Tougher rules for teenage drivers were signed into law in Pennsylvania on Tuesday, while state lawmakers amended a bill to ban texting by all drivers and give police the power to pull people over for it.
The teen driving bill, enacted by Gov. Tom Corbett at a high school ceremony, limits how many passengers they can carry and increases the number of hours of behind-the-wheel experienced required for a junior license.
The new law makes failure to wear proper restraints a primary offense, so police can stop drivers under age 18 if they or their passengers are not wearing seatbelts, booster seats or similar equipment. Violations carry a $75 fine.
Inside the state Capitol, the House amended a ban on texting-while-driving to make it a primary offense, so police can pull people over for suspected violations. All Democrats and about a third of Republicans voted for it.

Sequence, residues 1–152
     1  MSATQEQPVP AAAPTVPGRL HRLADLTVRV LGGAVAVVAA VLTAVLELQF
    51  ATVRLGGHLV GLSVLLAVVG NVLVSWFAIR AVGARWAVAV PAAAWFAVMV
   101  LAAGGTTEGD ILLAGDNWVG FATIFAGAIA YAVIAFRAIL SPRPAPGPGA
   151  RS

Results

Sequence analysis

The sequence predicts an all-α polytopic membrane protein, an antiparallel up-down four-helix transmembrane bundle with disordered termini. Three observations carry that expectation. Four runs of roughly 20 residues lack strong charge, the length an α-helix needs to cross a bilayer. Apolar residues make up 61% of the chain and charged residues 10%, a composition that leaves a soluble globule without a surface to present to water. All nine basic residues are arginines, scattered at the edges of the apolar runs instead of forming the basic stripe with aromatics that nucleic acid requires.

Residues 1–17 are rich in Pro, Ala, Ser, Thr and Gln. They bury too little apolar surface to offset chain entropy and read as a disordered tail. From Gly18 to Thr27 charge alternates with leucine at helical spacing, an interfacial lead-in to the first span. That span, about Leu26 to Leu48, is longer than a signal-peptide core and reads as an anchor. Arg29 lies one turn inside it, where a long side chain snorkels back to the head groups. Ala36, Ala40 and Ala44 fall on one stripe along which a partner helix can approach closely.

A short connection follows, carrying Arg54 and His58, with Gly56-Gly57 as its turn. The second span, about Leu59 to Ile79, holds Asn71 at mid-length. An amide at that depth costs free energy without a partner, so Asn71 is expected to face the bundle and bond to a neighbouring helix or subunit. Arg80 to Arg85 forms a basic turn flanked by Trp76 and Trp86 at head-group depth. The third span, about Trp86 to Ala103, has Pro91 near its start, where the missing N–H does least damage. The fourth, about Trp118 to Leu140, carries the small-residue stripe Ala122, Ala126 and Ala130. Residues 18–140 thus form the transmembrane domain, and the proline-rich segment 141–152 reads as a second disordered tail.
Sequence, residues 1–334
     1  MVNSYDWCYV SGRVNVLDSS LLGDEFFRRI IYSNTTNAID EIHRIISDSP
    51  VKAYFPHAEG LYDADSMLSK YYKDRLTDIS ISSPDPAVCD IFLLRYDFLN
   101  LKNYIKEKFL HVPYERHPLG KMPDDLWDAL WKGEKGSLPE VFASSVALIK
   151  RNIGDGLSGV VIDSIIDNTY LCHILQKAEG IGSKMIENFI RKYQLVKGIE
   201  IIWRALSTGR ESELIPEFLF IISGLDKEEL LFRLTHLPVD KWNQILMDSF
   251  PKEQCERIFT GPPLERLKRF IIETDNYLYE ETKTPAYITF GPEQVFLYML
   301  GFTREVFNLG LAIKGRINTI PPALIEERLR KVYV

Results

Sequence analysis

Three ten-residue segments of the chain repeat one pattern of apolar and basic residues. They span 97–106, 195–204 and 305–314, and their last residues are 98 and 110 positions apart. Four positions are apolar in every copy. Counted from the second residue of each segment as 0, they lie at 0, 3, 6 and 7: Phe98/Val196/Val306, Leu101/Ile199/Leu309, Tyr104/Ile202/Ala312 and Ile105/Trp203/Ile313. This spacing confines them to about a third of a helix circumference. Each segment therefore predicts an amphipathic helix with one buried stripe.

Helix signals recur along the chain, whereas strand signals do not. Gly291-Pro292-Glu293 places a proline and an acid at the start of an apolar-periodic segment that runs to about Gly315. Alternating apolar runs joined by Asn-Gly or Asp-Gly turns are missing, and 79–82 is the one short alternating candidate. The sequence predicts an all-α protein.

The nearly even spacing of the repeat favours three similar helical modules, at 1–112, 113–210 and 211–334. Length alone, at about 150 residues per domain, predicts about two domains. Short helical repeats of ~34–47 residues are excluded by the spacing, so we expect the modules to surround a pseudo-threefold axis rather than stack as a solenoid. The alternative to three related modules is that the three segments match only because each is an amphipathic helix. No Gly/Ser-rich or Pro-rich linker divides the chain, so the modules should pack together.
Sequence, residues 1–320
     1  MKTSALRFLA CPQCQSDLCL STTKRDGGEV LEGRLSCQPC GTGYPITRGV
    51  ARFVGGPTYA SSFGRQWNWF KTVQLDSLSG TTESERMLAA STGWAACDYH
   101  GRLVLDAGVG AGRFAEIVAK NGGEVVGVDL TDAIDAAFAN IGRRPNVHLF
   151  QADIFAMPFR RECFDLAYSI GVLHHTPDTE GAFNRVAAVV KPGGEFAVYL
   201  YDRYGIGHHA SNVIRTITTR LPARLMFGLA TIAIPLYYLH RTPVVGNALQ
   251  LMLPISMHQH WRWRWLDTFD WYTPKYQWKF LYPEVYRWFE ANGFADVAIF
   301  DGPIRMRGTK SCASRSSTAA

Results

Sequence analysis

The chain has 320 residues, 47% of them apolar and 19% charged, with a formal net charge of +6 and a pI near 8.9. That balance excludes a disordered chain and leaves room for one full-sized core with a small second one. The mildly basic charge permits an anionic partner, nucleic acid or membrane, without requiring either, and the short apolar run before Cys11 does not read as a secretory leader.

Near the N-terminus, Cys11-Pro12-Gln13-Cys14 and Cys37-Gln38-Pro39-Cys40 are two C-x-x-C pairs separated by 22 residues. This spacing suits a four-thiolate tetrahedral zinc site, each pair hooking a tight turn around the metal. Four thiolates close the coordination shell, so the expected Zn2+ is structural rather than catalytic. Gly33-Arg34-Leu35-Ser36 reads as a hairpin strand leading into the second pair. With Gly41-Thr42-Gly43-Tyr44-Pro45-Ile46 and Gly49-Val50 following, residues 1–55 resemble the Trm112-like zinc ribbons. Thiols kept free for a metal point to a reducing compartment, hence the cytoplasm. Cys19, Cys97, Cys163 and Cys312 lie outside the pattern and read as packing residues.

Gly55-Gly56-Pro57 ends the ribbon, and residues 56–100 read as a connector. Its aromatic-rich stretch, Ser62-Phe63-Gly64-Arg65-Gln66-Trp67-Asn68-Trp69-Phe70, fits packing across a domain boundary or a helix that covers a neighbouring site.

“We’ve seen over the years a proliferation of these electronic devices, and a proliferation of people using them when they should be doing something else,” said Rep. Joe Markosek, D-Allegheny. “And particularly, they should be paying attention where they’re going with a 4,000-pound weapon, which is an automobile.”
A separate amendment, which would have outlawed the use of hand-held cell phones while driving, was defeated by majority Republicans on a nearly party-line vote.
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